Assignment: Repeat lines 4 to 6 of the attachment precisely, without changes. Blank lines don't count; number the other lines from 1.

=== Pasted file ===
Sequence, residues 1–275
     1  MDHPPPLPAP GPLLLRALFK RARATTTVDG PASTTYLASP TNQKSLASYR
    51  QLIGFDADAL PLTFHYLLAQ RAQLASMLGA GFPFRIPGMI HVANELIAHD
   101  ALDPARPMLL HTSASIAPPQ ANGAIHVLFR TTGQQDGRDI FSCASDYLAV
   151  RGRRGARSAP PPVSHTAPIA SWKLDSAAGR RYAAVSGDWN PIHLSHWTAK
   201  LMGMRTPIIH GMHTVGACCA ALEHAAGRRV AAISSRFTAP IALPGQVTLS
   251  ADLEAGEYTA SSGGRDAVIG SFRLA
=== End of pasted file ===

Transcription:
   101  ALDPARPMLL HTSASIAPPQ ANGAIHVLFR TTGQQDGRDI FSCASDYLAV
   151  RGRRGARSAP PPVSHTAPIA SWKLDSAAGR RYAAVSGDWN PIHLSHWTAK
   201  LMGMRTPIIH GMHTVGACCA ALEHAAGRRV AAISSRFTAP IALPGQVTLS